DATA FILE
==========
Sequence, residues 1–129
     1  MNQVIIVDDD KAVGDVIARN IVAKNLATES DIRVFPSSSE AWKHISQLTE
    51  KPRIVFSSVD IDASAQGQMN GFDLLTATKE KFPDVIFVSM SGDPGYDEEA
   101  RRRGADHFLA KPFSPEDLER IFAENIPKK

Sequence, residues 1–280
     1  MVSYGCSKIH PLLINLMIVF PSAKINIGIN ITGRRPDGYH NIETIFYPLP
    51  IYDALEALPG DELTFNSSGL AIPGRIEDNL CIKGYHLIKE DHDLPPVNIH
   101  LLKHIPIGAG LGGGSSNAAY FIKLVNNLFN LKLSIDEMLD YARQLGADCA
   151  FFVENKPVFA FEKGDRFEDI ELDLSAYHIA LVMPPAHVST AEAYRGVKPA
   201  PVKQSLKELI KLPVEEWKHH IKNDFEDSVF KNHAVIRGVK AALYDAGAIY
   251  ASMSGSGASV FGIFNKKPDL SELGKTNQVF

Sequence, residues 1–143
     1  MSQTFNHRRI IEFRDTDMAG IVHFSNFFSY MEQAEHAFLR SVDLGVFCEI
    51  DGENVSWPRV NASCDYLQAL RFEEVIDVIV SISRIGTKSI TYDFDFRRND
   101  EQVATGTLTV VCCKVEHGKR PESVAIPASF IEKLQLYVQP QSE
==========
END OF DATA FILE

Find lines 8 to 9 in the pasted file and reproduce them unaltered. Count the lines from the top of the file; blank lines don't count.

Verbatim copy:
   101  LLKHIPIGAG LGGGSSNAAY FIKLVNNLFN LKLSIDEMLD YARQLGADCA
   151  FFVENKPVFA FEKGDRFEDI ELDLSAYHIA LVMPPAHVST AEAYRGVKPA